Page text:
D.C. Officials Race to Rescue Needle Exchange Funding
Friday, July 31, 2009
When Congress lifted a 10-year ban on using D.C. tax dollars to provide clean needles to drug addicts in December 2007, it gave the city a powerful weapon in the fight against the spread of AIDS, according to health officials.
"We had a celebration," said Del. Eleanor Holmes Norton (D-D.C.).
But the party could be ending.
This week, Norton and other D.C. officials were racing to persuade congressional leaders to erase a House amendment that would essentially reinstate the ban.
The amendment to the bill that gives the District its federal appropriation for 2010 would prohibit the city from providing money to any needle exchange program that operates within 1,000 feet of virtually any location where children gather.
"It essentially wipes out the program," said Norton, who added that she is calling "my friends in the Senate," asking them to be on the lookout for a copycat amendment to the Senate's version of the bill, which is still in committee.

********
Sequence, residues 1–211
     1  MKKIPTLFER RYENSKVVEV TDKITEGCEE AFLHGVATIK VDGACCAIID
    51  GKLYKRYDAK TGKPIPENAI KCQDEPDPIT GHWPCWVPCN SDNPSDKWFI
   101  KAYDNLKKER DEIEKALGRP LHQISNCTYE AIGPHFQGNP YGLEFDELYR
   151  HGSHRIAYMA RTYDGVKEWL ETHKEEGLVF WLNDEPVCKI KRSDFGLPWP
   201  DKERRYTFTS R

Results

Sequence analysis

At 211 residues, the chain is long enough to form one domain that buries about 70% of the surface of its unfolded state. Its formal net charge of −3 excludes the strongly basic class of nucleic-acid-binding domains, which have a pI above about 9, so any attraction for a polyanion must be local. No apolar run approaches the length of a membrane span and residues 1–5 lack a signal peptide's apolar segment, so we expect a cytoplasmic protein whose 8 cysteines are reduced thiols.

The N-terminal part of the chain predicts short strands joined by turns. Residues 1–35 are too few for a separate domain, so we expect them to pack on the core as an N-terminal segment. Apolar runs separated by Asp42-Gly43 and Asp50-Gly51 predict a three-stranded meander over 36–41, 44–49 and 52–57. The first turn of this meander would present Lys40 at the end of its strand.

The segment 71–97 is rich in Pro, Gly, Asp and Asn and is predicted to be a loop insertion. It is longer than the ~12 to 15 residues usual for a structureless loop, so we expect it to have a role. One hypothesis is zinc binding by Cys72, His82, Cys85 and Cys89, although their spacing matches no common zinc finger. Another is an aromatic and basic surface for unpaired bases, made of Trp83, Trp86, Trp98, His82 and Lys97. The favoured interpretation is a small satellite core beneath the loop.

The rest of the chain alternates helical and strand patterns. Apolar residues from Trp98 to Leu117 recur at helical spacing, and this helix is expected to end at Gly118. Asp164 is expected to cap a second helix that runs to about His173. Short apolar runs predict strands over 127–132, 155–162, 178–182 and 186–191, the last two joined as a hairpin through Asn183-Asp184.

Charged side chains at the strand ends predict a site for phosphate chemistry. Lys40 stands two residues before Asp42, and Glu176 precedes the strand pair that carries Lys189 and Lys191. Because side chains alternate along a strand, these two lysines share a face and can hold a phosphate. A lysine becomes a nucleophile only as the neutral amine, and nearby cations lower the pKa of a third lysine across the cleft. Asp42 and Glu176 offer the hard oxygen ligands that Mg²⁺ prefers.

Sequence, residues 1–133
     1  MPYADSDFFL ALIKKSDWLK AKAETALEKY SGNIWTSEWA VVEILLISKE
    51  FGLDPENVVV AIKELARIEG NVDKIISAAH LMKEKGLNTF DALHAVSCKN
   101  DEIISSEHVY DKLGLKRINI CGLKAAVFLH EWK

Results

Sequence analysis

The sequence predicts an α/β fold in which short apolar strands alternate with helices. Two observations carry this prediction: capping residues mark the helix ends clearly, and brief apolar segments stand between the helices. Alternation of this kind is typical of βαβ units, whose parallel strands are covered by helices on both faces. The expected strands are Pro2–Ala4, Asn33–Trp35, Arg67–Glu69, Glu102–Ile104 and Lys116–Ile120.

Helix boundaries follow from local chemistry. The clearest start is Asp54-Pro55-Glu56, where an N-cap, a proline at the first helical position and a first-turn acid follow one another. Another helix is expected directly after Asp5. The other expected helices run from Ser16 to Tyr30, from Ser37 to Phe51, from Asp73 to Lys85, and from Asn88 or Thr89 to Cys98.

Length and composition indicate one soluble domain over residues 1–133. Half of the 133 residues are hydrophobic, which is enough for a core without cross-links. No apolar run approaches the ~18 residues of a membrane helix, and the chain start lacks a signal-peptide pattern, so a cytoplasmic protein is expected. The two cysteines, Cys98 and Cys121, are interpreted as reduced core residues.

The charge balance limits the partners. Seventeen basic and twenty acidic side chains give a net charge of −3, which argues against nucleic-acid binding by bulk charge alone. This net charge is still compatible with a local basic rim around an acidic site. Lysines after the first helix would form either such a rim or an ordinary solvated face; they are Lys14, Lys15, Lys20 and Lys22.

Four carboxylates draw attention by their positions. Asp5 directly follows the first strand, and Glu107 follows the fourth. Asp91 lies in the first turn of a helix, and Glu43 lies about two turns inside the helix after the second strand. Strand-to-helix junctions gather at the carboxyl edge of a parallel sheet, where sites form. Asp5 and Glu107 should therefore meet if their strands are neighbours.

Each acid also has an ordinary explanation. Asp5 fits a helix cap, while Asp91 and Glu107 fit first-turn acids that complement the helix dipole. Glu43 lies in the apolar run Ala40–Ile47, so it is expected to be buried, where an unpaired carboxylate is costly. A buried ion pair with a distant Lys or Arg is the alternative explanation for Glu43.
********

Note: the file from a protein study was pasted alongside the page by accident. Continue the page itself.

Last week, a copycat amendment was attached to a separate House bill. It would lift a 21-year ban that prohibits cities from using federal dollars to fund needle exchange programs.
But D.C. officials are more concerned with the bill that covers the District's appropriation, because its restriction cuts deeper than the federal ban. The District, whose budget is overseen by Congress, would again be the only city in the nation barred from allocating both local and federal tax dollars to distribute clean needles.
If the Senate does not include a similar amendment in its version of the bill, members would iron out their differences in a conference committee after Congress returns from its August recess. That's where D.C. officials and AIDS activists hope to kill the amendment.
Mayor Adrian M. Fenty (D) said the city will fight to ensure "that the needle exchange amendment is stripped from the final appropriations bill for this budget year as well."
With that goal, D.C. Council President Vincent C. Gray ordered a map to show that the amendment -- which would prohibit the allocation of funds to needle exchange programs near schools, day-care centers, pools, parks, arcades, colleges and other locations -- covers all but small pockets of the city.
"I don't see how any site can operate with those kinds of restrictions," said Flora Hamilton, executive director of Family and Medical Counseling Services, which has distributed more than 100,000 clean needles during the past year from its site near Anacostia Park.